'There is therefore now no guilty verdict, no judgement sentence for those in the family of Jesus the Messiah.'
I’ve come up with a different translation to a verse that most will be know of in a more familiar form, 'Therefore there is now no condemnation for those who are in Christ Jesus.'
I admit that my translation of this text cannot match the rhetorical power of the original King James Bible, which is the basis for most versions since then and which has such deep resonance for many. So some explanation is due as to why I felt another translation would be helpful even if it hardly rolls off the tongue like the much-loved version. This especially so as there is much to be said in favour of saying it the way we all know. Most of us have struggled to fight off a sense of inner condemnation within us, an inner voice that doesn’t just seem to accuse us but to belittle us and demean us; it’s the finger jabbing nastiness of that voice that is so destructive.
It’s just as nasty when the voice comes from outside of us. Most of us know what it is like if we get something wrong, or at least some one thinks we have done something wrong, and then we find people getting nasty with us and having a go at us about it. It’s not just that they want to tell us we have done something wrong; it feels like they are really wanting to do us down and to make us feel we’re no good at all as a person. We’ve all heard people saying something like “he treated me like I was a piece of dirt” or perhaps we’ve been unfortunate enough to experience this ourselves. Satan is called the accuser and he seems to be on a mission not just to accuse, but to belittle and demean us.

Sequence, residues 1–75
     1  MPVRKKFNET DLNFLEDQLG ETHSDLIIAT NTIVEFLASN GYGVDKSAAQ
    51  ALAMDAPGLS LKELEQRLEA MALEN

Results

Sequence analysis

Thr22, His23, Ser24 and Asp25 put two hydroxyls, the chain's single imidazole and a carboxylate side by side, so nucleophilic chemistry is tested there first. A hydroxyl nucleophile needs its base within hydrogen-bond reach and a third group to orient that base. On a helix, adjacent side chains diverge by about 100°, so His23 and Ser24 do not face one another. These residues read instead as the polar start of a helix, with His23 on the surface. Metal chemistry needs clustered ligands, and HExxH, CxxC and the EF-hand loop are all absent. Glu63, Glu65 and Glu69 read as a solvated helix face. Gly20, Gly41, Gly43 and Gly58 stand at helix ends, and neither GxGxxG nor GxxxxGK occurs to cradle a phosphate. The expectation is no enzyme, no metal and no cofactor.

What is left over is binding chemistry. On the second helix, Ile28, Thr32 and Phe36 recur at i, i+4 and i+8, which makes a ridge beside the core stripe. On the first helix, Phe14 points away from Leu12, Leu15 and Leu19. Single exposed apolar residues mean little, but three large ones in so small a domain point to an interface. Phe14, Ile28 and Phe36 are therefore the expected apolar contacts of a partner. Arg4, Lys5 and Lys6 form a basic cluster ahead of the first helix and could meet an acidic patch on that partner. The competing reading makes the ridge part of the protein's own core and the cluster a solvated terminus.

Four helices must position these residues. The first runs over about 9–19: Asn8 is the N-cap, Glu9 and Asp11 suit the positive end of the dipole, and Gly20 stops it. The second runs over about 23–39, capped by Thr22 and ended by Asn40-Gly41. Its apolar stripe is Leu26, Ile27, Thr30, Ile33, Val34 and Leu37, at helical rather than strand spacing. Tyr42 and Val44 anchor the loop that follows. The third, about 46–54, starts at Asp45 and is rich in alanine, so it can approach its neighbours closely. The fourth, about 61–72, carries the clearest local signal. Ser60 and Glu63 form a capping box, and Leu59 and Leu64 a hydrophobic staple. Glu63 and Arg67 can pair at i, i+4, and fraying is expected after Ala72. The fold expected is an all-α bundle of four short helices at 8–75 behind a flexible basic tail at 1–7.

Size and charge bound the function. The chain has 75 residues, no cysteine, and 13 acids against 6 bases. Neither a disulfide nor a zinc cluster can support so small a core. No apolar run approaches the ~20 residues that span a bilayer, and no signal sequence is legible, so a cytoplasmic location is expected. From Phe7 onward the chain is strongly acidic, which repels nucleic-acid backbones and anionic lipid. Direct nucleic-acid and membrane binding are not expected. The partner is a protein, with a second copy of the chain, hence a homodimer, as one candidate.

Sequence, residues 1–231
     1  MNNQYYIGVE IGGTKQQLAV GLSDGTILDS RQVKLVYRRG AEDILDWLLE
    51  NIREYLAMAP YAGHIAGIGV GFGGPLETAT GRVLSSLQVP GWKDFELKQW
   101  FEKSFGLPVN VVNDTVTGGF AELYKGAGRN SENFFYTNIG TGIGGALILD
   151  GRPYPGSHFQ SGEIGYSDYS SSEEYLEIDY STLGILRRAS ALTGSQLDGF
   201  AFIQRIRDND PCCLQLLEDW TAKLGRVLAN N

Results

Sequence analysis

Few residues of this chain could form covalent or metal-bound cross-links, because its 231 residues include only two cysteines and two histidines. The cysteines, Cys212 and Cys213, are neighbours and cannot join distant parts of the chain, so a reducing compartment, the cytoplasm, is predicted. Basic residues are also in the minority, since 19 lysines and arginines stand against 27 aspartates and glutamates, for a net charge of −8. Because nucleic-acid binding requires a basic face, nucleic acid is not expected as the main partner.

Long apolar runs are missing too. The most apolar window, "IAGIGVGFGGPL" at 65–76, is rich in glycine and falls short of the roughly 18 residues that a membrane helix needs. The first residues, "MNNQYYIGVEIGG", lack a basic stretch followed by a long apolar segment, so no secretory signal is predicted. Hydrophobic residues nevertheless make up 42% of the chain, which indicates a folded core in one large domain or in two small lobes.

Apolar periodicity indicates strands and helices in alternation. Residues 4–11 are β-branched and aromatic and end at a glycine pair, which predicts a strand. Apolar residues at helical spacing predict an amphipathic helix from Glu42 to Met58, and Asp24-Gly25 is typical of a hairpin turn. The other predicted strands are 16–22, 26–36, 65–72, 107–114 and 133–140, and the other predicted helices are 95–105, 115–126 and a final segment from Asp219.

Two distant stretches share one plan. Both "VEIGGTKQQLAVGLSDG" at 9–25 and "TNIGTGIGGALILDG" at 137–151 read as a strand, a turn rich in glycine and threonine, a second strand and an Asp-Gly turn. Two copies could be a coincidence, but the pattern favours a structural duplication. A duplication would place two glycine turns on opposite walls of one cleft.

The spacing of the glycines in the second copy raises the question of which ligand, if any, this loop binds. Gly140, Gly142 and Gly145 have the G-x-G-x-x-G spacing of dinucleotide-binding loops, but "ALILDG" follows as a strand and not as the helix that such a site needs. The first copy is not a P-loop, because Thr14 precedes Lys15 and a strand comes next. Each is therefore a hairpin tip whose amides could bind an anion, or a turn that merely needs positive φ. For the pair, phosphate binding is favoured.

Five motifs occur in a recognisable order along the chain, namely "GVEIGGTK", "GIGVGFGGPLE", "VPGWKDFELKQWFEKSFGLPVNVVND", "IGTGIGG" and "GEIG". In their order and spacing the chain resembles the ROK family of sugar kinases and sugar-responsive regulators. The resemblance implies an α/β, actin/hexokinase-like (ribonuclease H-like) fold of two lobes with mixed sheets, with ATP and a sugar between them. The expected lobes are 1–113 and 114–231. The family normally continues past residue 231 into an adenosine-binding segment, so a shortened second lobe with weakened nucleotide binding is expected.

It is certainly true that Christ came to rescue us from all this so in the face of such condemnation, whether it’s voices within us or outside us, it’s a very good thing to be able to say to ourselves strongly and firmly 'there is therefore no condemnation for those who are in Christ Jesus'. It is possible Paul may have been thinking, in part, of such things when he wrote this verse; even if he wasn’t, I am sure he would approve of the sentiment.
However, there is a down-side to the standard translation. Whatever else he may have had in mind, Paul was almost certainly referring to some kind of judgement from God that is lifted from us when we come to Him through Jesus. Is it helpful to think of this as condemnation? Is God in the business of condemning people? The trouble with using that word is that the Greek word Paul uses here, 'katakrima', has an objective, judicial sense to it, whereas our word condemnation is a heavily loaded word with all kind of strong emotional overtones that are not pleasant to say the least. Being condemned has the feeling of being told, not just that we’ve got it badly wrong, but that we are being written off as person. When I hear the word being banded about, particularly in the context of political dispute, I can’t help feeling that the person using it is not just wanting to express their moral aversion to something (or wanting to get some one else to express to it), but they feel they are in a position to stand in judgement over someone and write them off as basically no good. In that sense, I would stick my neck out and say that God never condemns anyone for anything, and never will, because, although he is the only true just judge, he would never do anything in the kind of judgemental spirit that is so commonly found in us as fallen people; it is not a part of his character.